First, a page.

Strangely, he made no mention of audi alterem partem.
Strictly speaking, he is quite right. The right to be presumed innocent is restricted to the inside of a court. The same is probably true of audi alterem partem. But in his eagerness to support the cause of righteousness, the good professor is ignoring an important concept: laws are not enacted by Parliament simply to regulate our actions and punish transgressors. They are also meant to serve as guidelines for the kind of society we wish to inhabit. This is particularly true when it comes to a constitutional democracy. Thus, we are frequently enjoined to live the Constitution, to make its principles integral to how we conduct ourselves in our daily lives — even when nobody is looking.
I think we can all agree that we would indeed like to be presumed to be innocent when we are accused; and that we would like our fellow citizens to make up their minds about us only when they have heard our side of the story. We all recognise the innate fairness of this, even while recognising that these same principles can and do shield wrongdoers: living in Jacob Zuma’s South Africa is a daily object lesson in that.
It is extraordinary that someone who teaches constitutional law would not see how dangerous it is to limit the validity of these principles to the courts. They are, and should be, the cornerstones of how we live in society and privately as well. Even more worrying, De Vos goes further, strongly implying that it is highly likely that anyone who argues against forming an opinion about an accused person’s guilt based on the presumption of innocence is likely to be doing so with an ulterior motive.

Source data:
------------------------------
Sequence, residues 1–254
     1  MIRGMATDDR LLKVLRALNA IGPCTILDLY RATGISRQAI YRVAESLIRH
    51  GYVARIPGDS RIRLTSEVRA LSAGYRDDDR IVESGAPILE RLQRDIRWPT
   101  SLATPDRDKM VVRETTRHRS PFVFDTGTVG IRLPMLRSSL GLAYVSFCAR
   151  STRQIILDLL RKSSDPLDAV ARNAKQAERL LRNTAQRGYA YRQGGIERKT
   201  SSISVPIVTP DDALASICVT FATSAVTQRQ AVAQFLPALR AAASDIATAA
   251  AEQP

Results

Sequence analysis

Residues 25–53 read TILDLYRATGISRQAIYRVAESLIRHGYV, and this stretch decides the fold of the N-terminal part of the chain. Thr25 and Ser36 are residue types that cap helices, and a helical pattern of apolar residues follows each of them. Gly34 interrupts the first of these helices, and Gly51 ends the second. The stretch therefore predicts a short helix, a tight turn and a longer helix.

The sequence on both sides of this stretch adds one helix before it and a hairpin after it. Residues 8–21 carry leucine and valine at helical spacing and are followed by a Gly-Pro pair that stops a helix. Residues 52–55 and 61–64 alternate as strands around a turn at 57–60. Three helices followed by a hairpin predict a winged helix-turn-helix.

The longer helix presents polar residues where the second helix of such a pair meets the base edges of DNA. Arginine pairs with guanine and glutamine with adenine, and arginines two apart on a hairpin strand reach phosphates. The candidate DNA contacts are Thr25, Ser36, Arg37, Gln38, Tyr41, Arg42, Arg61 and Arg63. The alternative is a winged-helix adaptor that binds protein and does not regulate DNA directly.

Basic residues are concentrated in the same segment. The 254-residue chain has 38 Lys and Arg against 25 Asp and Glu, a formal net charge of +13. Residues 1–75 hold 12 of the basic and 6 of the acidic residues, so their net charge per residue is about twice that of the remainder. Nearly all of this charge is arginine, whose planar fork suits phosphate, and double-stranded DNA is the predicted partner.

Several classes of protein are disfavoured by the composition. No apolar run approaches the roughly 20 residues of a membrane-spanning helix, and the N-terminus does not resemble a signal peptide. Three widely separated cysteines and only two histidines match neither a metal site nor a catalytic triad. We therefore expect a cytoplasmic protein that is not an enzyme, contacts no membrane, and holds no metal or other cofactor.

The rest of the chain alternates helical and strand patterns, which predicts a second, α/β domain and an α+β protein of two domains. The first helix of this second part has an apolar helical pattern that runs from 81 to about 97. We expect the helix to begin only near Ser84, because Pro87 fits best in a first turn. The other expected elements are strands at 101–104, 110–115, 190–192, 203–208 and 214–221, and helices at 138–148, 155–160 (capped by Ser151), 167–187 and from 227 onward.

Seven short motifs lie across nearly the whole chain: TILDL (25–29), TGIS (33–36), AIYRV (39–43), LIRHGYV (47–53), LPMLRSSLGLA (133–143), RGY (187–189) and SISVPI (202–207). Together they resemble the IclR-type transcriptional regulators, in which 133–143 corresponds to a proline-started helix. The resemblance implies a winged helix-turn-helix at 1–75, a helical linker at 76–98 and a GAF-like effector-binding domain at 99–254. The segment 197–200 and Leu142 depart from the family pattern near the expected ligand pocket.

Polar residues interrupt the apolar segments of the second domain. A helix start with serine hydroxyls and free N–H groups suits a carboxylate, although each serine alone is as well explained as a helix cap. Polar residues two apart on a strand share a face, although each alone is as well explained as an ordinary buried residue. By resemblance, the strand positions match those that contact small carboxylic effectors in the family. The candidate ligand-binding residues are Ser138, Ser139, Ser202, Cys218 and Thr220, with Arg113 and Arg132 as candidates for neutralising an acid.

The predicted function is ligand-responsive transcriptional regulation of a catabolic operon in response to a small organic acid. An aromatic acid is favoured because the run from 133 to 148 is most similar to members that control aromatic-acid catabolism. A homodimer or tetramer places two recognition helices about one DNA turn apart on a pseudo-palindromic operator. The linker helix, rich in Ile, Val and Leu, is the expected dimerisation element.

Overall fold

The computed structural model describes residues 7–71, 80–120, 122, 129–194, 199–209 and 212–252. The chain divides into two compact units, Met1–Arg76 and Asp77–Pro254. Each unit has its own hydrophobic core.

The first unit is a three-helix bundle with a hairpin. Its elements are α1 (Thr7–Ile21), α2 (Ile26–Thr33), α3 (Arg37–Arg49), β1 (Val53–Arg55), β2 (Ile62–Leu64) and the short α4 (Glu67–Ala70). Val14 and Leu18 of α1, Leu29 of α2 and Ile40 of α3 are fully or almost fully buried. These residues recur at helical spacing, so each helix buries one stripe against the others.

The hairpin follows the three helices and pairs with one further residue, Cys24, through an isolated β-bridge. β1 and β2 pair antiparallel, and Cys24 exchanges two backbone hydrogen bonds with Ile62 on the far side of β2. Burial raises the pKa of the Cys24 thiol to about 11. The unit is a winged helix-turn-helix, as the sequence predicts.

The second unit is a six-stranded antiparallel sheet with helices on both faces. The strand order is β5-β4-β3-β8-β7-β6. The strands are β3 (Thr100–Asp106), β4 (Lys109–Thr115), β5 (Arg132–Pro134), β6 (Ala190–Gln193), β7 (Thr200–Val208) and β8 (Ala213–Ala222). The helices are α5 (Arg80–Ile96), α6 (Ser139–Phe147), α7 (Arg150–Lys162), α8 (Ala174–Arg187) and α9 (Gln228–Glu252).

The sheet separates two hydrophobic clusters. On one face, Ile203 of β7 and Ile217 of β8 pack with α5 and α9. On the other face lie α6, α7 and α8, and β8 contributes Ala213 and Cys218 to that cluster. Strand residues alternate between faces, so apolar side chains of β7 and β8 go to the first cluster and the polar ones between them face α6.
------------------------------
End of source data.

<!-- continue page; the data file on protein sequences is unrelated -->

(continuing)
His words are worth quoting in order to gain a sense of the extraordinary contortions needed to make his point:
“So, the next time you hear anyone say that person X is ‘innocent until proven guilty’ and that we are therefore not permitted to have an opinion about whether X did anything wrong, ask yourself whether the person would have said the same about Penny Sparrow. If he or she would not, you will have a pretty good indication that there is a self-serving motivation behind invoking a non-existent constitutional rule.”
For one thing, the Penny Sparrow case is hardly germane: Sparrow’s comments were made on a public platform and thus could be easily analysed. The point about a rape is that it generally takes place in secrecy, so the facts are what are in dispute.
The only thing he gets right is that one is indeed “permitted” to hold any opinion one likes; but surely the view that people are innocent until proven guilty is one that we should all support? This would mean exercising some restraint, and suspending public ventilation of one’s judgment in the interests of justice. This is not incompatible with lauding the courage of the accuser, providing her with emotional support and calling for the accused to respond to the accusation.